(Bloomberg) -- Mohamed El-Erian, who quit Pacific Investment Management in January amid reports of clashes with Bill Gross, said he was surprised by the events surrounding the departure of the star bond manager last week.

“His departure -- the fact that it happened and how it happened -- was a surprise,” El-Erian, 56, said today in an interview with Betty Liu on Bloomberg Television. “What was not a surprise was the bench and a strong team led by Dan Ivascyn. They are superb,” said the former chief executive officer and co-chief investment officer of Newport Beach, California-based Pimco.

Pimco last week named 45-year-old Ivascyn, a top-ranked money manager, as CIO as it seeks to revive performance and restore calm at a firm that has been rattled by management disputes. Gross left Pimco, which has almost $2 trillion in assets, for Janus Capital Group Inc. to run a new unconstrained bond fund with about $13 million in assets.

El-Erian on Sept. 27 praised Ivascyn as a “brilliant investor” and an “inspiring leader.” Ivascyn’s Pimco Income Fund has beaten 99% of competitors over the past three and five years.

El-Erian, who writes a column for Bloomberg View and is chief economic adviser at Pimco parent Allianz SE, said he was “happy” with his current role in response to whether he would return to Pimco as CEO.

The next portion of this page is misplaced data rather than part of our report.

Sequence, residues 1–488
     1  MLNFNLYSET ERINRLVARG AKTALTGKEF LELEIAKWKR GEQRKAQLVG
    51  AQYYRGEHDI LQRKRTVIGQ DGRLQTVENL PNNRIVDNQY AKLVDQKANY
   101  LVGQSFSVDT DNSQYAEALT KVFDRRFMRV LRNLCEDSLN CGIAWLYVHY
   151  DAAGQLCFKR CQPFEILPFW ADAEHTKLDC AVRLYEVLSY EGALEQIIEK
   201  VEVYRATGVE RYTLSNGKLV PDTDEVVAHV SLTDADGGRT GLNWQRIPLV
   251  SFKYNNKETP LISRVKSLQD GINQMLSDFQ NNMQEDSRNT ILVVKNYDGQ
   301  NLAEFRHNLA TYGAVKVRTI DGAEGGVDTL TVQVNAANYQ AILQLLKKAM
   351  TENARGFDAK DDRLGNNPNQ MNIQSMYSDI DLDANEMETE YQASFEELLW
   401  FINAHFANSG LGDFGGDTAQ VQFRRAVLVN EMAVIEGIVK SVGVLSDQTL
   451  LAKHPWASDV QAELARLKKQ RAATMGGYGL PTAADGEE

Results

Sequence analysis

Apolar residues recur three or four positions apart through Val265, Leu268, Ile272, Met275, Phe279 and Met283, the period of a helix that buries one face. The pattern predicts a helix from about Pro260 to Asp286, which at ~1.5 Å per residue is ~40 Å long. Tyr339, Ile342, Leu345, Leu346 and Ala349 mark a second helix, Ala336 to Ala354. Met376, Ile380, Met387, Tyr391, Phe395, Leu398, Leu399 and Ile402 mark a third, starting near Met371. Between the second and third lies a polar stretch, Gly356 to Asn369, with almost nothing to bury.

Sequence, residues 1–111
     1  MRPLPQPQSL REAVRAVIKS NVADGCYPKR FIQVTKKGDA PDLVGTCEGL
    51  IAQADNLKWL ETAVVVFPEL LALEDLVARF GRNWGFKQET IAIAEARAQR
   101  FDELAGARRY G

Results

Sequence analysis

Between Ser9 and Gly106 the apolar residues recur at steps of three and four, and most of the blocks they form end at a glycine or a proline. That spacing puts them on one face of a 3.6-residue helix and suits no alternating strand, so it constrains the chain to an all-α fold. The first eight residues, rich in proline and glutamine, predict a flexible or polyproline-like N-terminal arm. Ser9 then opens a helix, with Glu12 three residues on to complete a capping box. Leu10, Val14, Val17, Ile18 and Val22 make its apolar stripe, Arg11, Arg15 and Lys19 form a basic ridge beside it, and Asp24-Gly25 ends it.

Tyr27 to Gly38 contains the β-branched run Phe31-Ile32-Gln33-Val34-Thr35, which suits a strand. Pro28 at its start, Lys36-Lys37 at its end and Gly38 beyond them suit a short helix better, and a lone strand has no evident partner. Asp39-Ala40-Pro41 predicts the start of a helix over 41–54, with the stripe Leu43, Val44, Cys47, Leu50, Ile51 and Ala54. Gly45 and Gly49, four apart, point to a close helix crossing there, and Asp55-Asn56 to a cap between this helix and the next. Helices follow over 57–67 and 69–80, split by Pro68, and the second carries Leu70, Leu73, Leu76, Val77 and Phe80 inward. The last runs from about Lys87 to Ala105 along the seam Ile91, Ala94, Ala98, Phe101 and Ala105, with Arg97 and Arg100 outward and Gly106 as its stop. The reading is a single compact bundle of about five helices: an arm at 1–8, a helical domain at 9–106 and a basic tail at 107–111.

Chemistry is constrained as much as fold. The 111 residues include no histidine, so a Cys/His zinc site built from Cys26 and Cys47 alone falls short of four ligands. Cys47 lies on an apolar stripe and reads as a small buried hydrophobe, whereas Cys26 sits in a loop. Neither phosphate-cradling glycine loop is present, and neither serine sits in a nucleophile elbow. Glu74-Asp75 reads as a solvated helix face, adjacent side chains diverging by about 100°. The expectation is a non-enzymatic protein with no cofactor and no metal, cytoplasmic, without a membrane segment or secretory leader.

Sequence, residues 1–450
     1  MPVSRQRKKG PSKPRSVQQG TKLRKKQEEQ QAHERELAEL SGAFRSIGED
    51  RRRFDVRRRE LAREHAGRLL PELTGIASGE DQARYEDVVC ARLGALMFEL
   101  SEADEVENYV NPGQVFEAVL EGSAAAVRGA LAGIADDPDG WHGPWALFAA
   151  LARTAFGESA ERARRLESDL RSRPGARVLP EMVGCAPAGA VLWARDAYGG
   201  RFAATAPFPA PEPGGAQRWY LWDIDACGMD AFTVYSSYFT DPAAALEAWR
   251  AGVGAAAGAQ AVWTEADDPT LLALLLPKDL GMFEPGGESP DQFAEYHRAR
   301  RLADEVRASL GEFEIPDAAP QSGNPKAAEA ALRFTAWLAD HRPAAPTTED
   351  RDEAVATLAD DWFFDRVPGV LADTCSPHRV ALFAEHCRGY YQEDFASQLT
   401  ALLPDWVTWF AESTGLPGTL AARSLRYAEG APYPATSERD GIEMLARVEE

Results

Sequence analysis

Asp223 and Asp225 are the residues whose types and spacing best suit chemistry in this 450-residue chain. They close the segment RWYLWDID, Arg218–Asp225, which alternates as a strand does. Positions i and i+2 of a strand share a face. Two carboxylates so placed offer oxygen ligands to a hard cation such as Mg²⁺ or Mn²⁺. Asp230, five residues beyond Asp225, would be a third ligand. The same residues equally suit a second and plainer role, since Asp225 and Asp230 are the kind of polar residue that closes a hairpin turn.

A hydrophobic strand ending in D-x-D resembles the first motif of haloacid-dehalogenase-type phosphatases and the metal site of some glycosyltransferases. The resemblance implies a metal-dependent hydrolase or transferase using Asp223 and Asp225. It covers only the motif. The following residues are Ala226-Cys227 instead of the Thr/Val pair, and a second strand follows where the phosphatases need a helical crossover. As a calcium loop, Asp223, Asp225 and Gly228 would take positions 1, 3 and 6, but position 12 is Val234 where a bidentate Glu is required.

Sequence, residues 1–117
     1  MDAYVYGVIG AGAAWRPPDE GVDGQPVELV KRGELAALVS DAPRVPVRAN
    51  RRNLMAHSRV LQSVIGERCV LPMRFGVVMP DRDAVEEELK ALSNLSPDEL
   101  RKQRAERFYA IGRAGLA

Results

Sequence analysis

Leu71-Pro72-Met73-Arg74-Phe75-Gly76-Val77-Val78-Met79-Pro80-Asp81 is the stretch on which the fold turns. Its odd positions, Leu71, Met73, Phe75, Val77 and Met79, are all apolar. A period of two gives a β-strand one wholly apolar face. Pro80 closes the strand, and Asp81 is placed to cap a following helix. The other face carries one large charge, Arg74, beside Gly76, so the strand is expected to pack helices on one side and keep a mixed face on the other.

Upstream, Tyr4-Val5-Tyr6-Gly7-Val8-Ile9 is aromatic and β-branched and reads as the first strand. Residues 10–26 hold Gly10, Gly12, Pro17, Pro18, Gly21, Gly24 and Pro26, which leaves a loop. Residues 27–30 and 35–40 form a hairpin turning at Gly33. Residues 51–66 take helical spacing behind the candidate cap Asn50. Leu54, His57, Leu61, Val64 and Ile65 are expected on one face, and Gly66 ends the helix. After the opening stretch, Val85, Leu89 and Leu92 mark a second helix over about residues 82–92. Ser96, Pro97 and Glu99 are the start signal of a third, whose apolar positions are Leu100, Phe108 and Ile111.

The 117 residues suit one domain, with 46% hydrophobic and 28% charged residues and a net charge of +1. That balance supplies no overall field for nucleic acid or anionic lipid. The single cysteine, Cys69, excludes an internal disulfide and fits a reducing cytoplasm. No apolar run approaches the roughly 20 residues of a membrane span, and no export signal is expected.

“I have this portfolio of activity and I get to spend a lot more time with my daughter,” said El-Erian.


Gross left after his deputies threatened to quit and management debated his ouster, according to people familiar with the matter. The departure of Gross, who co-founded Pimco in 1971, has prompted investors to review their investments with the firm and move money to competitors.

Pimco named Mark Kiesel, Scott Mather and Mihir Worah to take over management of the Pimco Total Return Fund, the world’s largest bond mutual fund. Investors removed $23.5 billion from the fund in September, with the largest withdrawals coming on the day of Gross’s departure, according to Pimco.

El-Erian joined Pimco in 1999 as a senior member of the portfolio management and investment strategy group after working for the International Monetary Fund for 15 years. He left in 2006 to serve as CEO of Harvard Management and revamp the university’s endowment before rejoining Pimco about two years later.

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